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There’s no such thing as an ‘addictive personality’

Cigarettes and alcohol addiction
Your vices don’t necessarily mean you have an “addictive personality.” Just ask a psychologist. Fabian Fauth/Unsplash

This story originally featured on Mel Magazine.

I’ll never forget my first addiction: RuneScape, a vast online fantasy game. It was 2004, and I played it round-the-clock. In school, I daydreamed about slaying dragons. On weekends, I fought goblins until the sun rose. I didn’t have much time for homework because I had too many spells to cast.

I was only 12 years old, but my mom would warn me about getting addicted to the game all the time. Addiction runs in the family, she’d say, so I needed to watch out if I ever drank alcohol, and other drugs weren’t even a conversation. I’d tell her not to worry — I hadn’t even touched a cigarette at the time.

Still, I always had this feeling that there was something obsessive inside me, something I’d never shake. That’s what I thought my mom was trying to say, anyway.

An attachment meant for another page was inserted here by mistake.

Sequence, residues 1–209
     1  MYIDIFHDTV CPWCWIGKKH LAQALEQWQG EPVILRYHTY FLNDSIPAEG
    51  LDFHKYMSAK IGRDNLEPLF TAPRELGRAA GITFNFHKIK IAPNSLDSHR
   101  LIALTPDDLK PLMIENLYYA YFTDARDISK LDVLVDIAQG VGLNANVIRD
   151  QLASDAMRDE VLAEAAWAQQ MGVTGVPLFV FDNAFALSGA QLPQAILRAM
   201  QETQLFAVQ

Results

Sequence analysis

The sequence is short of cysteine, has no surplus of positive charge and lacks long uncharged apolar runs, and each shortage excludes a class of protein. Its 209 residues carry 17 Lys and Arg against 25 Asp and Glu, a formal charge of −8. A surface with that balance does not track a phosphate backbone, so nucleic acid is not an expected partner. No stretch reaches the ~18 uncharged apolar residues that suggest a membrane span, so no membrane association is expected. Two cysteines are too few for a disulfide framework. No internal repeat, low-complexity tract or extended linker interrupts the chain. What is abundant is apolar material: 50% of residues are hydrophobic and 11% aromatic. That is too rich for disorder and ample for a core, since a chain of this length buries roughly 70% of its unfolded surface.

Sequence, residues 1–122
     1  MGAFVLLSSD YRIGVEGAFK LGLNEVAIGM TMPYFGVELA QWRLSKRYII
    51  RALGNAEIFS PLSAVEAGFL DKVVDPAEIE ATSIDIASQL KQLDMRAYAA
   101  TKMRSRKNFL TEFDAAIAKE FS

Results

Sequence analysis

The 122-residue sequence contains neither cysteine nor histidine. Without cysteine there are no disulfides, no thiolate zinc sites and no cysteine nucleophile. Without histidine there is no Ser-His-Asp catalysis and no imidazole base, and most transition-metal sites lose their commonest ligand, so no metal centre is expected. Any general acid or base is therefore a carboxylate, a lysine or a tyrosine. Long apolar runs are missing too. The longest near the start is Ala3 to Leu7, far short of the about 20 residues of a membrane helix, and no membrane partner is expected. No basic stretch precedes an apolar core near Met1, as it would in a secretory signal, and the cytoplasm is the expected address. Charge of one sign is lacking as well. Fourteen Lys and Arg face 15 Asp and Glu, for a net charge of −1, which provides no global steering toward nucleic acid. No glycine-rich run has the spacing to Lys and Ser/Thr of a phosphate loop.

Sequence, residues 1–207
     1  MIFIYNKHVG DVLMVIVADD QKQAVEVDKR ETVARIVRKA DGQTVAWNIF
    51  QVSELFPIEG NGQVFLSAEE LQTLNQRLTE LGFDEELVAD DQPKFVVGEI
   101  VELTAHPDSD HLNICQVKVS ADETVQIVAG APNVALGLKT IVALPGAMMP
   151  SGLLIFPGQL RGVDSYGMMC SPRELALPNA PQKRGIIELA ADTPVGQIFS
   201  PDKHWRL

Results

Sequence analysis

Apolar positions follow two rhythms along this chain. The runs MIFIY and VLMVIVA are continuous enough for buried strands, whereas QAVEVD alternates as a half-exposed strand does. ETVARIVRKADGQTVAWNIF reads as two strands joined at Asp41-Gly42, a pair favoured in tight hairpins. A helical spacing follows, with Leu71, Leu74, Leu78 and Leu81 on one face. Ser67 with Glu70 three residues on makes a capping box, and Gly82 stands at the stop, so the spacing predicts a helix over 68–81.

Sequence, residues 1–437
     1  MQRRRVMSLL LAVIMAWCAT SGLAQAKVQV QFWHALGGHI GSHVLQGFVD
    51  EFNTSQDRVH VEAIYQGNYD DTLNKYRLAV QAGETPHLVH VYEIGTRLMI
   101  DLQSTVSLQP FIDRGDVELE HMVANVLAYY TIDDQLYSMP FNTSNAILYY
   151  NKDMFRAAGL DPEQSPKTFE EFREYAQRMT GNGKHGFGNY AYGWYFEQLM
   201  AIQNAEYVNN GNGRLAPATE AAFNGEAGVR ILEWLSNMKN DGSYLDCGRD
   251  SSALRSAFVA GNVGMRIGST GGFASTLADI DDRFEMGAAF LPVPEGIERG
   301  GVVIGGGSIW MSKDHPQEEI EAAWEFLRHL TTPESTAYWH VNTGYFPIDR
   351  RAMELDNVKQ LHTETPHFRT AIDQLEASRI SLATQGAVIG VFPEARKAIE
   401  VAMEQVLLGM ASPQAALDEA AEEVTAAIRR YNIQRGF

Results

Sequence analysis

I learned the hard way that she wasn’t wrong. Ten years later, I was binge-drinking Fridays to Sundays without a wink of sleep, usually with some chemical help, and trying (often unsuccessfully) to keep lunch beers to no more than a couple per day during the week. It wasn’t until five years and too many mistakes later that I was forced to kick booze for good.

But there’s always been something I can’t seem to get enough of, whether it’s weed, coffee or true crime videos on YouTube. Some would say I have an “addictive personality,” or an inherent voraciousness. Personally, I’ve taken to thinking it’s that same inner demon my mom cautioned me about when I was just a kid playing wizard until I’d fall asleep at the computer.